The Hallbert Rassy guys had warned us that Cape Verde was a "Hell hole" and it may be just that in terms of getting parts and getting boats repaired. Some new friends from Brazil on a catamaran have spent over a month waiting for parts and repair. However, Nina and I have found a beautiful side to CV. Instead of waiting impatiently in the harbor we jumped ship for a few days and went to a neighboring island named Sao Antao. We had no idea what to expect but we thought we could handle anything for 2 nights. Most of our clothes were being cleaned so we went with just backpacks and pretty much the clothes on our backs. We had a great time.
The side of the island nearest to the harbor where our boat is located is pretty much desert. We arrived via ferry at a fairly new town which has grown to be the biggest city on the island because of its new ferry port. It is called Porto Novo. We were greeted at the dock by no less than 50 people. Nina commented that it was interesting that so many people were meeting their friends but then noticed that they were all men. In fact they were all vying to get our business for a ride in their ahlugar (privately owned mini busses). One of the drivers caught our eye and before we were off of the ferry we had made a deal for a ride to the other side of the island. The ahlugar ride over to the other side of the island was worth the trip on its own. We drove on the new road from Porto novo to Ribiera Grande. The road was completed in the 1980s after being in construction for twenty years. This 35 kilometer road is made entirely of cobblestones. Rocks on this island are a natural resource. It is a volcanic island and the mountains in the center are at least 4000 feet of jagged breathtaking scenery. In 35 kilometers of road one goes from sea level up 4,000 feet and back down to sea level. All of the bridges and the construction that allows this road to cling to the cliffs are also made of hand placed rock with no concrete whatsoever.
We drove up the road and into the clouds and thence back down to the other side. The west side of the island is a great contrast to the east side and is much greener. Every conceivable piece of land that can be planted is planted. The mountain sides are terraced to allow farming and the terraces extend to amazing heights. It is truly an awesome site to see what determined people can do.
The pension (hotel) that we stayed at in Porto do Sol was very nice with hot running water which we took advantage of right away. After a couple of weeks of bathing infrequently and with an absolute minimum of water, using more than a gallon was absolute luxury. The first day there we waked to a town about one hour away and found a town perched on a mountainside overlooking a valley with terraces above and below. This town had probably 10 houses and as the sun set it felt like we were in an African version of Elvindaill. The next day we walked through the only valley that has water all year around (called Paul). The water is supplied by the clouds that form at the top of the mountain and provide rain. It was lush and beautiful. The farmers in the valley lived in a varying array of houses. Some in thatch houses, some in rock houses with thatched roofs and some in newly constructed houses made of concrete blocks. Most of these are in some stage of construction. As the farmers get more money they buy more blocks and build a little more. The outsides are generally left as unfinished concrete. The valley was verdant green planted in yams, bananas, sugar cane (for the making of grogue or rum), mango, papaya, sweet potato, manyok, corn, carrots, tomatoes, guava, and potatoes; all planted on small terraces as small as 2 feet wide that extend up the steep mountain sides.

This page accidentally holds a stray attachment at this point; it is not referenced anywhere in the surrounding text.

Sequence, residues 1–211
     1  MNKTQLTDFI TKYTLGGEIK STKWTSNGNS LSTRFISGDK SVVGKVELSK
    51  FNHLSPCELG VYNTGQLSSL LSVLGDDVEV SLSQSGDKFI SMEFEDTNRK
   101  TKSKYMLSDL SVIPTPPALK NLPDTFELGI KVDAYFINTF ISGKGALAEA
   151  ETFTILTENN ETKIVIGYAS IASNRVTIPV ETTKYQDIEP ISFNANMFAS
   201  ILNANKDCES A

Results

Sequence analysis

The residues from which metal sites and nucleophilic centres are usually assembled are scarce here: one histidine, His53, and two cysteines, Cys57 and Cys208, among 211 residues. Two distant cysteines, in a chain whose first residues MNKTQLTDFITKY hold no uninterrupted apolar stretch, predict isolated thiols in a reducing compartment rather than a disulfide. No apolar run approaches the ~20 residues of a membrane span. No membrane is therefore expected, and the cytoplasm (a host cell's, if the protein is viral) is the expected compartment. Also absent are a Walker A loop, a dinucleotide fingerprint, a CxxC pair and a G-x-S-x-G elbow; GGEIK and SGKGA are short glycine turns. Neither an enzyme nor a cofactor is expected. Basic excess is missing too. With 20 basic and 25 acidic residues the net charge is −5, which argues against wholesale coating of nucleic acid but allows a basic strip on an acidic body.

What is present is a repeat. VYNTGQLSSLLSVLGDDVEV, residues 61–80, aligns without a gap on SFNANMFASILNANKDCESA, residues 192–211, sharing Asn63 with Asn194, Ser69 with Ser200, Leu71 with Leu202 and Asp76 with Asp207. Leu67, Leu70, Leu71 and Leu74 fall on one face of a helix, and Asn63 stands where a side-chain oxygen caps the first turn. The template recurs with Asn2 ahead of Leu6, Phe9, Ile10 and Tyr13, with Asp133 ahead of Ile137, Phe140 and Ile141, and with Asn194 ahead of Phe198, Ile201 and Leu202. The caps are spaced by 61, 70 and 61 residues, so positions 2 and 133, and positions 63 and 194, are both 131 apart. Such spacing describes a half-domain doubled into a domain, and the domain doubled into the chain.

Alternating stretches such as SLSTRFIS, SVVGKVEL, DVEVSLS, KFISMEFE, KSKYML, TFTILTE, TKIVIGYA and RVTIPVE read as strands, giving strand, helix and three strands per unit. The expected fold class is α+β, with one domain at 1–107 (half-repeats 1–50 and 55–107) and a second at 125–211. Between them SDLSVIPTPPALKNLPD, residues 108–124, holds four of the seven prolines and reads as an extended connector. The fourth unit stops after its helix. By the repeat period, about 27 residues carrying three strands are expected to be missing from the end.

On the third day we had a car drive us as far a it could take us toward XOXO (pronounced sho sho). The road was washed out from the recent rains. This year it only rained for three day instead of the normal 7 days but apparently when it rains it rains hard, and every year it washes out all of the roads that are built in the flood plains and along the coast that cross the rivers. So they take a bulldozer and rebuild them. After being let off we walked up a fabulous valley. As we waked by a house and said boa dia (good morning). They asked us to come in for coffee. Unfortunately we couldn't stop as we had to get back to Porto Novo and thence to our boat to see if the parts had arrived. It was a fabulous three days.
When we got home (to the boat) we found that the parts hand not arrived. However we convinced our crew member Gene to come with us back to the island of Sao Antao for two days. He found it to be just as amazing as we did. We did a hike from the top of the mountain, down into a volcanic crater and thence down about 3000 feet on switchback cobbled footpaths. down into the valley of Paul that Nina and I had walked on the previous trip. It was totally amazing and Gene says that even though he is in total pain from the hike down it was totally worth it.
When we arrived back from our second trip with Gene, the parts had arrived and we went into a flurry of activity. The genset and the motor are fixed, the provisions laid in, bunkers taken on and we are leaving on the tenth of December about noon.